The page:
Use Ansible playbook to Configure Reverse Proxy i.e. Haproxy and update its configuration file automatically each time a new Managed node joins the inventory. Configure this setup over AWS using its EC2 instances. (Using the concept of Dynamic inventory)
We’ll see how to configure the HAProxy and Apache web server on the AWS EC2 instances using Ansible.
For reference, you can read my article stating how to launch this setup on local machines like Oracle Virtual Box VM’s.
Configure Reverse Proxy i.e.
This article will give you an idea of how can you use jinja templating to make a dynamic configuration file for…
I’ll take this article as a reference to launch the setup over AWS.
We’ll follow the given approach:
- Step 1: Provision OS for Web Servers and Load Balancer.
- Step 2: Find the IP addresses using the Dynamic Inventory.
- Step 3: Configure the Apache HTTPD and HAProxy.
Let’s start with Step 1 of the process.
Step 1: Provision OS for Web Servers and Load Balancer.
For this, we use the concept of API of AWS cloud using the ec2 module of ansible. We run these tasks on localhost as the target node of ansible.
Before running the playbook, we need to install the boto library which is Python SDK for AWS.
pip3 install boto3
Now, this playbook will use AWS API, so we need to provide an AWS AMI access key and secret key. Hence, we store these values as variables in a separate file and use Ansible-vault to lock this file.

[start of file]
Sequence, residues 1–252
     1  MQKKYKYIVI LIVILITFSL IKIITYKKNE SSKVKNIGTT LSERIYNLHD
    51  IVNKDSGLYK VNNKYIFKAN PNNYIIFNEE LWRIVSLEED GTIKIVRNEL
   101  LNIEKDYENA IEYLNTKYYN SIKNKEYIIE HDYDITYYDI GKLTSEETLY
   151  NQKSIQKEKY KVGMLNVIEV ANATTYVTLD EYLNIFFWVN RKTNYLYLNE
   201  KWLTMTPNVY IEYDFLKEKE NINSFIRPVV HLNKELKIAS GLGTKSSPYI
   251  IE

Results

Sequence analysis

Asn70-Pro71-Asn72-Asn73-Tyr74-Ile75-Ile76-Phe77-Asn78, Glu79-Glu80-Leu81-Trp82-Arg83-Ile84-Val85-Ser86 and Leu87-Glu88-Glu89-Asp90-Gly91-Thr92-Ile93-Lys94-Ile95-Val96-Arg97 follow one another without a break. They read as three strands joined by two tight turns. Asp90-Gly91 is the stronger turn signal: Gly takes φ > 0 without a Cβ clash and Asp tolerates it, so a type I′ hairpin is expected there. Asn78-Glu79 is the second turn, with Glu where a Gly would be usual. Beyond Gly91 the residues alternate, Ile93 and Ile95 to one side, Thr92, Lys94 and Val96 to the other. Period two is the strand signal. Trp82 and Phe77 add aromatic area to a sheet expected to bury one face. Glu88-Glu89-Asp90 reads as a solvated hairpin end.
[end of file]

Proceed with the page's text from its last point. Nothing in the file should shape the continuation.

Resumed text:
- create the ansible-vault file as keys.yml
- Create the playbook now as provision_os.yml
- Now, finally, run the playbook to launch the EC2 instances
Three instances launched successfully, 2 for the backend web server and 1 for the load balancer.
Step 2: Find the IP addresses using the Dynamic Inventory.
Theory about the Dynamic Inventory:
We know about the static inventory where we directly write the IP addresses along with the username and password. But we also have a way of creating the Inventory dynamic. Ansible supports the files with .py extension as inventory file, so we create a python script that would go to AWS and find the IP addresses using the boto3 SDK, which we already installed using pip3.
Fortunately, many contributors have already written and open-sourced such codes for dynamic inventory which we’ll use.
One of the sources is:
We will use these files for dynamic inventory with some modifications.
Download these using the following commands in a folder called inventory which we will later use in ansible’s conf file:
wget https://raw.githubusercontent.com/ansible/ansible/stable-2.9/contrib/inventory/ec2.pywget https://raw.githubusercontent.com/ansible/ansible/stable-2.9/contrib/inventory/ec2.ini
Now, as specified in the documentation for this file of ec2.py, we’ll need to create Environment Shell Variables which will be used by these files as follows:
export AWS_ACCESS_KEY_ID='AK123(Your Access Key)'
export AWS_SECRET_ACCESS_KEY='abc123(Your Secret Key)'
export AWS_REGION='ap-south-1(Your Region id)'
Now, provide the location of key-pair, inventory, and privilege escalation in the ansible.cfg file.
That’s it. Now, we can check the IP addresses on runtime dynamically with or without using tags.
IP for load balancer is 220.127.116.11
IP for webservers are 18.104.22.168 and 22.214.171.124
Step 3: Configure the Apache HTTPD and HAProxy.
Now, we run the playbooks
Now, we can access the website using Load Balancer’s IP:
We can see the Load Balancing happening.
That’s all for this article. Thank You. :)